This blog was written by Jacqui Mattingly, Principal Education Adviser at Education Development Trust, and first published here on 2 August 2018. She has authored a trilogy of research reports looking at the right to education for children with disabilities in Rwanda, Madagascar and Comoros in support of an overall study of the situation across the region.

It was a real privilege to have the opportunity to attend the first Global Disability Summit in July in London hosted by the UK’s Department for International Development (DFID), the Government of Kenya and the International Disability Alliance. The event aimed to promote the rights of people with disabilities by tackling the root causes of stigma, discrimination and abuse, and working towards inclusive education and employment for all. It also highlighted the use of technology, innovation and assistive devices for people with disabilities across the world.

Inclusive policymaking

The summit brought together global leaders, government officials, donor agencies, civil society, disabled people’s organisations and the private sector to ensure people with disabilities are included in both policy making and society as a whole. It was a vibrant and upbeat meeting striving for action to:

  • raise global attention and focus on a long-neglected area;
  • bring in new voices and approaches to broaden engagement;
  • mobilise new global and national commitments on disability; and,
  • showcase best practice and evidence from across the world.

The Secretary of State for International Development, Penny Mordaunt, opened the summit in a speech given in sign language, claiming: ‘Discrimination and stigma against disabled people is a global injustice we need to fix urgently.’

As an inclusive education adviser, I am aware that children with disabilities continue to be among the most marginalised and excluded from education opportunities, and it was great to finally have inclusive education put on the map as a key theme of the summit.

Building Learning Foundations held up as a beacon

I was proud to hear Penny Mordaunt in a keynote speech on inclusive education reference DFID’s commitment through work I have been directly involved with myself: the Building Learning Foundations programme in Rwanda which will support primary teachers in maths and English to be more inclusive of learners with disabilities.

She also launched a new and exciting inclusive education initiative in partnership with the Norwegian Agency for Development Cooperation (NORAD) and the World Bank; this is something Susy Ndaruhutse, Head of International Development, and I had undertaken a scoping study for in partnership with the Research for Equitable Access and Learning (REAL) Centre at the University of Cambridge prior to the summit. We were all pleased to know this work would now lead to some positive change. The initiative will support countries to strengthen disability-inclusive education planning, implementation, and monitoring of learning outcomes for children with disabilities by supporting and encouraging partnerships, promoting data collection, investing in teachers, and aggregating evidence of practice and solutions at scale. This will support inclusion to become the norm, therefore allowing every child the same opportunity to go to school, learn, and succeed.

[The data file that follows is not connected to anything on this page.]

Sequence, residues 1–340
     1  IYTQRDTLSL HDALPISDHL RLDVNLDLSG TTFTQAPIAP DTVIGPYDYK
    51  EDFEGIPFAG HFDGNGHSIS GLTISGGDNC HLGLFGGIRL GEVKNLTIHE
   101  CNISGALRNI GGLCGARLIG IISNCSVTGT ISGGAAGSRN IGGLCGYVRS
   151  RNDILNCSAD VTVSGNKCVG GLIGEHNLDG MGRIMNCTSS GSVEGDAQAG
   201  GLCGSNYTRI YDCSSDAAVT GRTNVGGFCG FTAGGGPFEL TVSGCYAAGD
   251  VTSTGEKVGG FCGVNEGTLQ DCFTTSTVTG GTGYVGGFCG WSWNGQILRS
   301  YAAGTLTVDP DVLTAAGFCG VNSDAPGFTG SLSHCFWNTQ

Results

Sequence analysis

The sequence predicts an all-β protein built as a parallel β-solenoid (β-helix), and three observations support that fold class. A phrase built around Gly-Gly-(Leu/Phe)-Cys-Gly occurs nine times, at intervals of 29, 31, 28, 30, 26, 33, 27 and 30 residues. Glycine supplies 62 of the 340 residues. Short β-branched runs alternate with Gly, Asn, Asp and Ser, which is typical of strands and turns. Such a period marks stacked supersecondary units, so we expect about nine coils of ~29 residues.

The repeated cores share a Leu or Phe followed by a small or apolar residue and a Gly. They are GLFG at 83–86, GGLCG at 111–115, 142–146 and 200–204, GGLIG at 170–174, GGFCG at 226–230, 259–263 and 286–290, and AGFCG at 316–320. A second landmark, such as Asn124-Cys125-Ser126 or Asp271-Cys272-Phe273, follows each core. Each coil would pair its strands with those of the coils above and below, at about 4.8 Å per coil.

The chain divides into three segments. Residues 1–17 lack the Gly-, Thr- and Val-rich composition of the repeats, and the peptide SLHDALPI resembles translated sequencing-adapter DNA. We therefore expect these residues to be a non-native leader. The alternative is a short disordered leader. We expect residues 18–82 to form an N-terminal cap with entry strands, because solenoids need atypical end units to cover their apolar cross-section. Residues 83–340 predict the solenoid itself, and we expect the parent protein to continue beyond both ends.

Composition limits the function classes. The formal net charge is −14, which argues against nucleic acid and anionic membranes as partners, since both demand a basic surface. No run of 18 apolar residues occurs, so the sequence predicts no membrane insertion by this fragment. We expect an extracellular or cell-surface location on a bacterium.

Making inclusivity integral

Other important pledges were given by the UN agencies, who committed to work collaboratively to change the way they include people with disabilities into their work. Equally, the World Bank is developing a framework to provide inclusive education as an integral component of all its education projects.

Education Development Trust had a stand at the event and it was great to be represented alongside such a wide range of organisations providing disability inclusive development programmes and services. I was particularly pleased we had information about our work in inclusive education translated into Braille to share with delegates – a first for us and something we will certainly be looking to do more of in the future.

Education Development Trust’s commitment to inclusivity

Attendees were asked to support a ten-point charter for change to take action on stigma and discrimination against people with disabilities endorsing rights, dignity and inclusion for people with disabilities. Some 301 organisations and governments have signed the charter, and having worked in the development of inclusive education for my entire career, I was pleased that as an organisation, Education Development Trust has committed to this with the following commitments:

  • Our mission is to transform lives by improving education around the world and this includes supporting education systems to reduce discrimination and become more open to diversity. We will also support teachers to deliver education programmes that challenge attitudes and behaviours that reinforce discrimination
  • We work with governments and their partners to allow every child the improved chances a quality education provides. Quality education must be inclusive as this is the only way to ensure equity of opportunity for every child.

I am looking forward to working to making these commitments become a reality.

Education Development Trust and REAL (University of Cambridge, Faculty of Education) are both member organisations of UKFIET.